"In a single day, the capital's media climate has been transformed," writes Washington Post media reporter Howard Kurtz. Reporters are outraged by recent revelations that President Bush received warnings prior to Sepember 11 of possible terrorist hijackings -- warnings which he has previously denied receiving.
- "Why didn't he level with the American people about what he knew?" asked ABC correspondent Terry Moran in a blunt exchange with White House spokesman Ari Fleisher. "These questions were asked after September 11th of the president, of the vice president, of you, yourself. And no one in the White House said, yes, the information had come in that al Qaeda was planning hijackings."
- A 1999 report prepared for the National Intelligence Council, an affiliate of the CIA, warned that terrorists associated with bin Laden might crash an airplane into the Pentagon, White House or CIA headquarters.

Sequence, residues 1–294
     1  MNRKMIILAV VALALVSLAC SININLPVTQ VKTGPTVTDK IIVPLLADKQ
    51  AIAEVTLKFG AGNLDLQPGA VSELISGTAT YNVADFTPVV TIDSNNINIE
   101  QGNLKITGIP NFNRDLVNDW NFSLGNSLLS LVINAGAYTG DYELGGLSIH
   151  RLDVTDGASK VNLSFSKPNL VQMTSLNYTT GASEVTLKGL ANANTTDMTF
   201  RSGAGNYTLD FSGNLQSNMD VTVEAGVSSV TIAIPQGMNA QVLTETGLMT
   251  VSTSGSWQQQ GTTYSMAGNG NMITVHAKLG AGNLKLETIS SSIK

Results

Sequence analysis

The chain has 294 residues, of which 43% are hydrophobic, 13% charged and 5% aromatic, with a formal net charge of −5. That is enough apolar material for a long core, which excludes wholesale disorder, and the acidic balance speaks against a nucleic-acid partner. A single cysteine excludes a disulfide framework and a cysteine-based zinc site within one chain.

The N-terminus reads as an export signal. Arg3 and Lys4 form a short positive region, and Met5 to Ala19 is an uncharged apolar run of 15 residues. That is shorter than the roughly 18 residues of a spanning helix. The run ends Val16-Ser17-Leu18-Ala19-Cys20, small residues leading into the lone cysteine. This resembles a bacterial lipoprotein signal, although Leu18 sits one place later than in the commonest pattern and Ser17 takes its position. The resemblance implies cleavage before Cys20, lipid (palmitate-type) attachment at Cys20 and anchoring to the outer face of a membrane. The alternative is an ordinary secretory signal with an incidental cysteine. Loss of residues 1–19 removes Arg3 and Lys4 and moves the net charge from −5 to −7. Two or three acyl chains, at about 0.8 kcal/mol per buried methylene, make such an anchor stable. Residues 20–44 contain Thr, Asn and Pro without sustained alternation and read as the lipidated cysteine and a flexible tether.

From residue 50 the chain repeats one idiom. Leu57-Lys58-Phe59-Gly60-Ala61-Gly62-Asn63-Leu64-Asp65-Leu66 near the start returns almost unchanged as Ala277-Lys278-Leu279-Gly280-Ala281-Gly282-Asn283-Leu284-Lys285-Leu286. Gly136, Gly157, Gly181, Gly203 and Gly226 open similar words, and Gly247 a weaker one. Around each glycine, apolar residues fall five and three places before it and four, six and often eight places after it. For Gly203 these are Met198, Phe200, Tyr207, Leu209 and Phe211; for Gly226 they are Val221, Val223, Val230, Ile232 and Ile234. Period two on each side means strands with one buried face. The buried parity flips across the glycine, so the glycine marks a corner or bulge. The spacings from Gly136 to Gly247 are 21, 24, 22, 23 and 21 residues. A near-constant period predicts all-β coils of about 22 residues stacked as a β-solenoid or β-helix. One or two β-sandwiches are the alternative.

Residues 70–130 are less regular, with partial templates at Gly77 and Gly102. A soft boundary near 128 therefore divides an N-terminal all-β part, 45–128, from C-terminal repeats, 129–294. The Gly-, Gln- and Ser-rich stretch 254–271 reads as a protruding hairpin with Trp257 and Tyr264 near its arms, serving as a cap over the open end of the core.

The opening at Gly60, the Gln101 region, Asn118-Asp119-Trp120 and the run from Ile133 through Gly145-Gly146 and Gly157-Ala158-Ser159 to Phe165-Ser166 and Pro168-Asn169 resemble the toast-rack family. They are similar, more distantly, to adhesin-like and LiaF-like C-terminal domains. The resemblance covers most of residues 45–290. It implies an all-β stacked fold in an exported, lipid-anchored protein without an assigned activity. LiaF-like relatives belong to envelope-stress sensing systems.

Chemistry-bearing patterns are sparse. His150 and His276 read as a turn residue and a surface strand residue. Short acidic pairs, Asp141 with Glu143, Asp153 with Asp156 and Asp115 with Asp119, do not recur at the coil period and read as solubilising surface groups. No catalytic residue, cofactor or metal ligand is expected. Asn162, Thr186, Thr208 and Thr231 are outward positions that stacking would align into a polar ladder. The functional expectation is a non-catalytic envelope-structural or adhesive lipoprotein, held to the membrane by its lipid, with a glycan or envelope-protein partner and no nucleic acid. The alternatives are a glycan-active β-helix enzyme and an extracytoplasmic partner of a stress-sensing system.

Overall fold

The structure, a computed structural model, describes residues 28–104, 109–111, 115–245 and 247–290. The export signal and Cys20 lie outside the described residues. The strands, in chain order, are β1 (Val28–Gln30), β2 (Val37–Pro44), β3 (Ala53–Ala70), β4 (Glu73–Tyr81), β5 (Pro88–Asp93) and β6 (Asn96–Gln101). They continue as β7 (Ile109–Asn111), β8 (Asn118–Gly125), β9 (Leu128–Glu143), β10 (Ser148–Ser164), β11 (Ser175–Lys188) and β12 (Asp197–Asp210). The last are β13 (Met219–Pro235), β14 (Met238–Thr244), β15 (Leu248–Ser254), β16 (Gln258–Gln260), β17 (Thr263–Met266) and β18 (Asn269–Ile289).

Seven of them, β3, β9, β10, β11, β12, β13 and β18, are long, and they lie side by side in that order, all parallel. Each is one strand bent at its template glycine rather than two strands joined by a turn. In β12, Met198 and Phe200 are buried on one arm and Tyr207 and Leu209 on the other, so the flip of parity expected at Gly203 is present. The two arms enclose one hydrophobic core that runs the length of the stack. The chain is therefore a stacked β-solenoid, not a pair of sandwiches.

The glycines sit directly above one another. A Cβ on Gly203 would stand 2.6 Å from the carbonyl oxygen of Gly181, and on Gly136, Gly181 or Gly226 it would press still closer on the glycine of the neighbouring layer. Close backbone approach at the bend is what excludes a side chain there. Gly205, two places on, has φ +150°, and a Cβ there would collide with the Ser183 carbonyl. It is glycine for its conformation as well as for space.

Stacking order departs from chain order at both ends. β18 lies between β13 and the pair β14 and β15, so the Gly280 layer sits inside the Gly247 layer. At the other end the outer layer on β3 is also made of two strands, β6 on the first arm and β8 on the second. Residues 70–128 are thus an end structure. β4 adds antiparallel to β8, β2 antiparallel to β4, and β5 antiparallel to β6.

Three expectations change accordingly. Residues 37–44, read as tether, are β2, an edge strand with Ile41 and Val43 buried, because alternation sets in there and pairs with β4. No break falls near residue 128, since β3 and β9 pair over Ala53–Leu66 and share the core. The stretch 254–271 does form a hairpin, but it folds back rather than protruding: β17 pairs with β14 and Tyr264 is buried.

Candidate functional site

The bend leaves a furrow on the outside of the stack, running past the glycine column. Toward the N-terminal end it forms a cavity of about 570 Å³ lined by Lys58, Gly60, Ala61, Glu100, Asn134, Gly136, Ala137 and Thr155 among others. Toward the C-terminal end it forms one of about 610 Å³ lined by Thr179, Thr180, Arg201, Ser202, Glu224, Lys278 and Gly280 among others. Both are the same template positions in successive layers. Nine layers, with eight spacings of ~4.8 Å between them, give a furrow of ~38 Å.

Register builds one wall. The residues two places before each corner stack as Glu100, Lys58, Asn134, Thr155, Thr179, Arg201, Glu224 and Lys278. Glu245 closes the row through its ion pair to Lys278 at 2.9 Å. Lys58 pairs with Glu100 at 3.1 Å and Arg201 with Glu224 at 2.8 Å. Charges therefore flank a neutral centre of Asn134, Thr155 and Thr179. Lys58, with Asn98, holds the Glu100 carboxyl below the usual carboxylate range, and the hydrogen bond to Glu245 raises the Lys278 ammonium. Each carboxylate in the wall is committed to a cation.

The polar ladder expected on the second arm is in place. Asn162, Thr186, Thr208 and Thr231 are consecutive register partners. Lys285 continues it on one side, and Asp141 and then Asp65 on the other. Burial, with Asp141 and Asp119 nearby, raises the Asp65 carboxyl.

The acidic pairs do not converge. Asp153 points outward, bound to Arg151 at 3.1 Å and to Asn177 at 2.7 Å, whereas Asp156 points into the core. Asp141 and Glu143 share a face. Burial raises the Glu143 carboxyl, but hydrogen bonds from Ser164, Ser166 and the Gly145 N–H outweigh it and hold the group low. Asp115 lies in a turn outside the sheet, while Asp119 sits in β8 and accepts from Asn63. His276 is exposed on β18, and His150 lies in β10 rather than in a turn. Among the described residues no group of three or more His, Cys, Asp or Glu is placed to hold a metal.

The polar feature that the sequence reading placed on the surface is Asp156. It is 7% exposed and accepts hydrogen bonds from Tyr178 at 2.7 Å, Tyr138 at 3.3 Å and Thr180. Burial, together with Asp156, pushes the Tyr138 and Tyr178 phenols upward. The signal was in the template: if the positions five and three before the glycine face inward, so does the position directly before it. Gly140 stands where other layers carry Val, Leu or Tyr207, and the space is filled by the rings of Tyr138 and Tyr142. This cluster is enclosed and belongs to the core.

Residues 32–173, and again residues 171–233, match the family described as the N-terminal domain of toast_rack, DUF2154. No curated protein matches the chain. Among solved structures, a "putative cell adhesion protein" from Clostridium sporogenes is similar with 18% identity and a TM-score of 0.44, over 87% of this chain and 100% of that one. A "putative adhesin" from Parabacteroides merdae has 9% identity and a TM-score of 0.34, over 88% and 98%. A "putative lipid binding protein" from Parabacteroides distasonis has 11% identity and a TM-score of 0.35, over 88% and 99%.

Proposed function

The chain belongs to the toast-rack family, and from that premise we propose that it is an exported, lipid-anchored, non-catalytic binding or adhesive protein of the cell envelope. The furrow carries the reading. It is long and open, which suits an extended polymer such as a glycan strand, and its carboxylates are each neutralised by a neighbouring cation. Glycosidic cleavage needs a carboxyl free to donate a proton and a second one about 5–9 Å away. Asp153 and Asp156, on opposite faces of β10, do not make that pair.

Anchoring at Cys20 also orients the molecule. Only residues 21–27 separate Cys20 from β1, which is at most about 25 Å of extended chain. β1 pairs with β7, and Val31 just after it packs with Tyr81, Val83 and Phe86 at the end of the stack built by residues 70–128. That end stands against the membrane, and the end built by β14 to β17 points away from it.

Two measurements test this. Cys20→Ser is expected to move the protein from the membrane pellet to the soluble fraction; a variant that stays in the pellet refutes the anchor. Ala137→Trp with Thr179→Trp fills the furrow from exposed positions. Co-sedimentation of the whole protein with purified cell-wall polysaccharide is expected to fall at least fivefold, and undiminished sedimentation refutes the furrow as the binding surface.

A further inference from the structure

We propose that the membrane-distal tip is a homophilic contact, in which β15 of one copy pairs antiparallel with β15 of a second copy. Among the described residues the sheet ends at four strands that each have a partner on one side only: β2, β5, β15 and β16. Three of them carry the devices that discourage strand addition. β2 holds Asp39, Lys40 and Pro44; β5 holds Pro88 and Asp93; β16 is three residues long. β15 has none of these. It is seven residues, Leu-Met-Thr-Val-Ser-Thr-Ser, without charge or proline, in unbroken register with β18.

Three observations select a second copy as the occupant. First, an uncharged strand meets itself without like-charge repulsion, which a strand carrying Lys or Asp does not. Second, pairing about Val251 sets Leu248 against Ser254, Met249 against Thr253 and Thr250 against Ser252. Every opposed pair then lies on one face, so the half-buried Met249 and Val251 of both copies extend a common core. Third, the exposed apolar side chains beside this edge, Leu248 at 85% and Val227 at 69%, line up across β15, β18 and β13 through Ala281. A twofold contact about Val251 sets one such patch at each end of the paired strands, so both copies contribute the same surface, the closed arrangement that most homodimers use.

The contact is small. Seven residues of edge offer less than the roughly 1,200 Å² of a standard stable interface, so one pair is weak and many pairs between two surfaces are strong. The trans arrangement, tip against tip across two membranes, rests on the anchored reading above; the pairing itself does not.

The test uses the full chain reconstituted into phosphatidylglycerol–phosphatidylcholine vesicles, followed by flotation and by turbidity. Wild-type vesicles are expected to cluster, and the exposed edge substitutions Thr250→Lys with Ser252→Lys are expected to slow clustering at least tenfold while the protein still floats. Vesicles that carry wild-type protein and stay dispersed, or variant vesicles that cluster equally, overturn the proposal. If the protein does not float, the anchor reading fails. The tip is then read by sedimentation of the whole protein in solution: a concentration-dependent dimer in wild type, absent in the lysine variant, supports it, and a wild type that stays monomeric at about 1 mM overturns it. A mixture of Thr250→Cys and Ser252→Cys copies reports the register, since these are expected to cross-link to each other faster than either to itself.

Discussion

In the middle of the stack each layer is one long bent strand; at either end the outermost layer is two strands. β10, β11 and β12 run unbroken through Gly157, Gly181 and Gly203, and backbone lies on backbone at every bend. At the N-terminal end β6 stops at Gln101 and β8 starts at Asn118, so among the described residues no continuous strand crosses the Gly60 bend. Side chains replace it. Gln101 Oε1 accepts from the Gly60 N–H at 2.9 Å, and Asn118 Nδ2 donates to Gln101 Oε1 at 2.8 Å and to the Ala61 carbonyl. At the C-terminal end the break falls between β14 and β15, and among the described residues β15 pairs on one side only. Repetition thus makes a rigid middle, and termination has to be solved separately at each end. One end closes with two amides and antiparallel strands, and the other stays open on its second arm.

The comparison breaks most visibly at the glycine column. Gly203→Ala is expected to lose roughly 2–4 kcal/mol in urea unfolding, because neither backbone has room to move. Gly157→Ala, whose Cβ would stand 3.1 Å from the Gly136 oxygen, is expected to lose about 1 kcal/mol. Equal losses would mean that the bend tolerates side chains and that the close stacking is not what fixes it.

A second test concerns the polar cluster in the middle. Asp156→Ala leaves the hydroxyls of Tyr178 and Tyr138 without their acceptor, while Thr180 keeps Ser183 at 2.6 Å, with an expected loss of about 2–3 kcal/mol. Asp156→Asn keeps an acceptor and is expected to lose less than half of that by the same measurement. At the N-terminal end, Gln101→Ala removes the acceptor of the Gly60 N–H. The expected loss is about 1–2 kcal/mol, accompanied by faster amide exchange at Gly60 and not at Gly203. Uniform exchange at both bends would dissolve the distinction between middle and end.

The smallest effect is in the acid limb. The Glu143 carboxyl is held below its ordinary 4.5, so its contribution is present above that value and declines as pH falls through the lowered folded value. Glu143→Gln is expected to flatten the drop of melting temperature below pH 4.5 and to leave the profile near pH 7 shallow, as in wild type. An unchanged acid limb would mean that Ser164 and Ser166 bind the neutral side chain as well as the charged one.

- A top-secret briefing presented to President Bush on August 6 carried the title, "Bin Laden Determined to Strike in U.S."
- Struck by the revelations, Ron Fournier of the Associated Press asked: "Shouldn't the American public have known these facts before they got on planes in the summer and fall of last year?"
- "Within hours of the attack we had names of the hijackers and that we needed to focus on flight schools," says one federal investigator assigned to the hijacker detail after Sept. 11. "It was clear how the information quickly flowed down that someone in Washington must have had previous knowledge. They sat on this and they blew it and it's finally coming out."